Big Star: Andy Hummel, Jody Stephens, and Alex Chilton riding in their big black car. Ryko

So I had this idea for a review of this latest reissue of the third Big Star album. I thought that maybe I could point out the inequity of calling any set of recordings "complete," even one that comes with such copious sleeve notes and demos and outtakes and rough mixes. I thought that maybe I could include all my drafts and edits and mistaken observations by way of infusing the reader with a sense of what it is like to experience Complete Third.

Method criticism.

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Feature some notes to myself, like:

1. When you say you like Big Star, are you buying into the myth of Big Star—obscure, drug-riddled Memphis outsiders—or their music?

2. Who decides when something is complete? Why leave out the burps and cups of coffee and run-throughs that never made it onto one-inch magnetic tape? Have a listen to the appalling outtakes "Pre-Downs" and "Baby Strange," included here toward the end of the first disc, Demos to Sessions to Roughs, and ask yourself: Why this desire for completeness, for an ideal that can never be attained? Is it not better to leave music incomplete?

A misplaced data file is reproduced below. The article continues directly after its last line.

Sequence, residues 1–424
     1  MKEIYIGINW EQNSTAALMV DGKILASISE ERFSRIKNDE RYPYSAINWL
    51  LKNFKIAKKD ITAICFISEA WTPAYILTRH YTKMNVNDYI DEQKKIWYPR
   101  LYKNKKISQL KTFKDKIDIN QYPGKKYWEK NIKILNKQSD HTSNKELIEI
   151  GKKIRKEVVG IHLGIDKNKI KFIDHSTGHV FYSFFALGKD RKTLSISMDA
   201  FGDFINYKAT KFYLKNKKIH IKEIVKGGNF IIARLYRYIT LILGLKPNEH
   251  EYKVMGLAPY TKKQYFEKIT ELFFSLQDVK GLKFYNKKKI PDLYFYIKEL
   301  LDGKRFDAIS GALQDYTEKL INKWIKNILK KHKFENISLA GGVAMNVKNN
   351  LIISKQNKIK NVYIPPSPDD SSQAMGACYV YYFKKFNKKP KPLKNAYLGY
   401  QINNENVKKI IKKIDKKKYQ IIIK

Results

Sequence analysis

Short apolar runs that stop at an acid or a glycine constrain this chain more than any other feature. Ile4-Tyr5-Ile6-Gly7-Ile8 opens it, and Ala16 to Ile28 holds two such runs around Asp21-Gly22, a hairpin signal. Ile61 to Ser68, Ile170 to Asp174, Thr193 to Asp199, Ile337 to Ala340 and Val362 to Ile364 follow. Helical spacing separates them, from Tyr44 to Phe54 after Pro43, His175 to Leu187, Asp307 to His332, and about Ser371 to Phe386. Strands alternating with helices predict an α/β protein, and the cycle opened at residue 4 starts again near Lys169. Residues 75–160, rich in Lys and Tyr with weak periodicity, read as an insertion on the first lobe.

3. "Don't Worry Baby," the uncovered Beach Boys cover featured here is... wow. Almost as good as the Beach Boys original.

4. Does it matter what state of mind singer Alex Chilton was in when he recorded these songs in Memphis, Tennessee, in 1974? Does knowledge of context increase enjoyment of music? Was Paul McCartney dead when he crossed that crosswalk on Abbey Road? Do you go for connotation or denotation?

5. Intention or interpretation?

6. Always loved Teenage Fanclub, and their love for Big Star. Never had a problem with standing on the shoulders of giants... you often get a better view that way.